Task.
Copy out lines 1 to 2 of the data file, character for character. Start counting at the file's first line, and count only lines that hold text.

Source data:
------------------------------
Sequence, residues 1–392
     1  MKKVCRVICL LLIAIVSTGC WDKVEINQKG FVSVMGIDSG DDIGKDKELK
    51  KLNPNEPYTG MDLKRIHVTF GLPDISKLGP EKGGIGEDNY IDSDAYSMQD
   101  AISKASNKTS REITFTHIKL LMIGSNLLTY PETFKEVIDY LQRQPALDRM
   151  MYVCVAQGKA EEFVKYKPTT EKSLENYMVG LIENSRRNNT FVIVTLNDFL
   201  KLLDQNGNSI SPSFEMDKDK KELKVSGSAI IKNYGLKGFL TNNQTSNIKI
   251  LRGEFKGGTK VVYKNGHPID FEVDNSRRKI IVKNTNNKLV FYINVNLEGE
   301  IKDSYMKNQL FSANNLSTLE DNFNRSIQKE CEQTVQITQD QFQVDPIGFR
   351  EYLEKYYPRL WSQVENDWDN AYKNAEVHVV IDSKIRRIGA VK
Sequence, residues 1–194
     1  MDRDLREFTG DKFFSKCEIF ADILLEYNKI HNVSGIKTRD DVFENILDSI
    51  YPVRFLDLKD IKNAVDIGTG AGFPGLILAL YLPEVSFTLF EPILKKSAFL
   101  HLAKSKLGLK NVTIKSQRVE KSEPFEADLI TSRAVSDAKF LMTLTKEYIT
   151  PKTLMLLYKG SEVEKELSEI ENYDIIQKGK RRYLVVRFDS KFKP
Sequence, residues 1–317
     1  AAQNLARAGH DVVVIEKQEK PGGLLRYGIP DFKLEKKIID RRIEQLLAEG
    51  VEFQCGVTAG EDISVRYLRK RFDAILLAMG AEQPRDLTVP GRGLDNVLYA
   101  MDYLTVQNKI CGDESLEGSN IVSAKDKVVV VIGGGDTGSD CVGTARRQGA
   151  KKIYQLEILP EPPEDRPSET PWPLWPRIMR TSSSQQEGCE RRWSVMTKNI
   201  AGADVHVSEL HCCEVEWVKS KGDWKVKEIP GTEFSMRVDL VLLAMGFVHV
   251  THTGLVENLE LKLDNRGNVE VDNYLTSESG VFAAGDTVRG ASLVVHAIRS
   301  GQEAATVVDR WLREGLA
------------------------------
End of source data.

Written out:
Sequence, residues 1–392
     1  MKKVCRVICL LLIAIVSTGC WDKVEINQKG FVSVMGIDSG DDIGKDKELK